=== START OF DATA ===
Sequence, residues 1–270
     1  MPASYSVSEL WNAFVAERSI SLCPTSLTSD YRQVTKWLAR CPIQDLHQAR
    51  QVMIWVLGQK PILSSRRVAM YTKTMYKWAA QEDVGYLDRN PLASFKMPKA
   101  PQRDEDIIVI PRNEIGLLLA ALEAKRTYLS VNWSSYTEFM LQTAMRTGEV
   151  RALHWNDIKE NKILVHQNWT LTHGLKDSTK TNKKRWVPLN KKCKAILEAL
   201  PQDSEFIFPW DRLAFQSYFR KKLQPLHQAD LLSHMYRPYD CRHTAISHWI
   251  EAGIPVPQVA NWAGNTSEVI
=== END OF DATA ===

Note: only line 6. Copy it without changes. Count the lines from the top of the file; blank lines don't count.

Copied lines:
   201  PQDSEFIFPW DRLAFQSYFR KKLQPLHQAD LLSHMYRPYD CRHTAISHWI